It’s a safe assumption that you will face a situation at some point, either manmade or natural, in which the need for effective crisis communication is likely.
Crisis communication for the EHS practitioner is a necessary skill to master and should be part of your skills toolbox. Whether you are a staff-level specialist, leading a program or working within a defined incident command system, there is a need to be able to actively listen, gather and analyze information and deliver credible communications in high-stress situations.
Granted, and I would venture a guess that this is true for most of us, there are organizational policies that dictate specifically who speaks in crisis and who does not. At least for me – and for most of my career it was not me that spoke externally to the public on behalf of my organization – I still had situations where I led communications internally with employees, senior leaders and governmental agencies, as well as prepared others to speak on behalf of the organization.
Meeting the Crisis Communication Challenge
Communicating in crisis and doing it in a way that is effective is a challenge. When such an event occurs, employees almost immediately are thrust into an abyss of information black-out and rampant rumors begin spreading. Leaders are scrambling to meet behind closed doors and corporate offices are being called for support. This all is being performed in conjunction with the public, which believes it has a right to know everything that’s happened behind your property line. Added to this, there’s a smartphone in almost every pocket and a healthy appetite among the public to be the first to post to social media, so waiting too long to communicate effectively and the story gets written for you, and it usually is not the one you want to tell.
Ironically, as I wrote this, I glanced at a notification via a newsfeed on one of my social media accounts and saw an update to a workplace fatality that occurred just a day ago in a manufacturing plant about an hour from my office. The news update details that a couple of employees from the plant were found who were willing to share details anonymously about the event.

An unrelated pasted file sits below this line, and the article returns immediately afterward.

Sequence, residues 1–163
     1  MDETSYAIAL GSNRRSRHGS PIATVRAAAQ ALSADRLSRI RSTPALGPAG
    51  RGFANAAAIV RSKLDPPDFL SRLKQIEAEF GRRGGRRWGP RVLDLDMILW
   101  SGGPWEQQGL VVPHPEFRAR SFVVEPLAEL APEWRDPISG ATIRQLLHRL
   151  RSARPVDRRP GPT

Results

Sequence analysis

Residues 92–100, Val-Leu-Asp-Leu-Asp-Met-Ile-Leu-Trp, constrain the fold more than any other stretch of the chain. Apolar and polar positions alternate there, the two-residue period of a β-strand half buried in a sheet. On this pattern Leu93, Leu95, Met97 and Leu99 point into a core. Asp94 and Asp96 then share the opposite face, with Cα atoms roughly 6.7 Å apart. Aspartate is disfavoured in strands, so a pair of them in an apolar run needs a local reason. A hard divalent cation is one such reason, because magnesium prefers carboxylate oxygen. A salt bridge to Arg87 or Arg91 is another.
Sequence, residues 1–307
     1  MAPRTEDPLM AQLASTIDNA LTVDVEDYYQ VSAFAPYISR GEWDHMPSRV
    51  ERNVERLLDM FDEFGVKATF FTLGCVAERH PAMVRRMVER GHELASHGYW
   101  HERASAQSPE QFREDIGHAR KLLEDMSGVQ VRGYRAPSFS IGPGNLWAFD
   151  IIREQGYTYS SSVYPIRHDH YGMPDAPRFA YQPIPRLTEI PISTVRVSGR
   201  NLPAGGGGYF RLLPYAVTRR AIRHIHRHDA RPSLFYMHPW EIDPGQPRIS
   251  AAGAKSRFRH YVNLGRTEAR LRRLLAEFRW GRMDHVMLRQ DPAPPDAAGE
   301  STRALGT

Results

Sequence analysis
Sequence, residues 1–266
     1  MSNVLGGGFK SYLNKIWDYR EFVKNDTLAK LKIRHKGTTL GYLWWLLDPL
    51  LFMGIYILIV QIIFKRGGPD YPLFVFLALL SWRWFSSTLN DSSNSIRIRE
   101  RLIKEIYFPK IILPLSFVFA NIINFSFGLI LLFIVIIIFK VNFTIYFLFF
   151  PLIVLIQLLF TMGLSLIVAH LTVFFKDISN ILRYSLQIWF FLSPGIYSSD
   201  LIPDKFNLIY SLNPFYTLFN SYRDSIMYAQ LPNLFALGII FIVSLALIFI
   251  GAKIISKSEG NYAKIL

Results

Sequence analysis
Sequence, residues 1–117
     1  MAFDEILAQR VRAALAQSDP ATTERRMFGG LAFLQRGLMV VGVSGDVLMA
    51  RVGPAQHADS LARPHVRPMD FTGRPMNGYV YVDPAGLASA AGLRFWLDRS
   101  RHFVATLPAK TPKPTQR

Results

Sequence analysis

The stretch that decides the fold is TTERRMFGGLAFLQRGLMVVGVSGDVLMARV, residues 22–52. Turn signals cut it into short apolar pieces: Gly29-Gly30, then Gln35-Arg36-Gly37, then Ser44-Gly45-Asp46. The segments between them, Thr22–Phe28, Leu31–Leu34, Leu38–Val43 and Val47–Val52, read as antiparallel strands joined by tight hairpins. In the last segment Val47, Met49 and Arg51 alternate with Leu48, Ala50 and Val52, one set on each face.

The heading on the news release reads, “Fellow employees of the man who died in (said company) accident say his death could’ve been prevented.” It then goes on to state that employees at the factory had filed numerous complaints about the machine and the faulty safety features before the accident. There’s a song lyric that comes to my mind – “I wish I could turn back time” – and while there’s little guarantee someone can stop this type of news leaking out, there are elements in how we manage the organization that can help.
Blog Series: Communicating in Crisis
This series of articles “Communicating in Crisis,” will help you navigate what could be rough waters ahead, whether it’s dealing with a situation like COVID-19, a chemical spill that impacts a community in which you do business, or an event that causes injuries or even fatalities to employees.
At some point in your career, you are going to experience a critical event. If you are practicing EHS right now, you’re living through an unprecedented crisis. How you manage these events impacts their lasting effect on employees, the business, the community and your value as an EHS practitioner.
Other Articles in the Series “Communicating in Crisis”
Communicating in Crisis: The Role of EHS in Managing Communication
Communicating in Crisis: Employees
Communicating in Crisis: Emergency Response Planning, Preparation and Training
Communicating in Crisis: Government Agencies
Communicating in Crisis: Preparing the Public Information Officer